Scotch-Irish-L ArchivesArchiver > Scotch-Irish > 1997-05 > 0862860409
From: Dan Wilson <>
Subject: RE: GAELIC SURNAMES/SPELLING
Date: Mon, 05 May 1997 12:26:49 -0700 (MST)
On Mon, 5 May 1997, Earl Fain IV wrote:
> Yes, Caroline, I agree, but we must also be careful not to stereotyping =
> lead us away from the truth of our ancestry. My McDonalds fit the =
> Scotch-Irish definition except for one thing--they weren't Lowlanders. =
> If I had believed the books, and stopped investigating that possibility, =
> I never would have known that they really were Scotch-Irish, and I would =
> be at a dead end. BTW, I now understand that Scotch-Irish history was =
> rewritten a bit to edit out the Highland connection, because they were =
> of Celtic origin, and the historians/scholars didn't want to suggest any =
> connection between the Irish and Scotch-Irish. =20
> So, where's the truth? You never really know, so it never hurts to keep =
> an open mind about things. I, for one, don't want to see this debate =
> degenerate into a squabble over technicalities, but I'm glad that people =
> at least present some of these issues, so we can all be aware of them.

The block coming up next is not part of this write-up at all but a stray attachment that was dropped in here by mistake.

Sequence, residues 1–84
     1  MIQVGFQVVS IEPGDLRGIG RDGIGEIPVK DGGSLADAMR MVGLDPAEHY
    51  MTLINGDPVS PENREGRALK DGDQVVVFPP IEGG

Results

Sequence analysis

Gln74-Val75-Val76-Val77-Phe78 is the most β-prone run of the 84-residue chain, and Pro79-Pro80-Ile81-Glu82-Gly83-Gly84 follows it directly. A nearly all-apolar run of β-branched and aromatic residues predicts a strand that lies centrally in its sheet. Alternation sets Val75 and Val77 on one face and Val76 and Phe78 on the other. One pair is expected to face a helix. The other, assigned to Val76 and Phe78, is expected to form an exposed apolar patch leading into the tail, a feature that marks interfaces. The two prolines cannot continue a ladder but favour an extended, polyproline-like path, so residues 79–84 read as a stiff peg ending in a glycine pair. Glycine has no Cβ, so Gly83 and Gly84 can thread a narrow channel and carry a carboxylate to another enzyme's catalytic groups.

> Happy hunting,
> Lynne Bernard
Hmm... It seems that we need to think about the definition of Scots-Irish.
In the broader view, *all* Scots who migrated to Ulster are in fact
Ulster Scots, regardless of religion or location of their former homes in
However, I've also heard arguments in favor of restricting the term to
descendants of the Plantation Scots who were lowlanders and Presbyterians
because King James I and VI ordered that no Highlanders were to be granted
lands in in the Plantation. His reasoning was that the Clan system
followed by the Highlanders was too similar to that of the native Irish
which he was attempting to control. He wanted to introduce a different
culture into Ulster in hopes that he might make the land more productive.
Somewhere I have a copy of a paper presented by one of the Presbyterian
ministers in Ulster, and it gives his view of the Scots-Irish character.
I'll post it later. I grew up thinking that Scots-Irish (an American term,
BTW) meant Irish Presbyterians of Scottish descent. I believe this is the
view held by most of the "standard" texts on the subject, but if someone
has found otherwise, please let us know.
Arizona State Univ.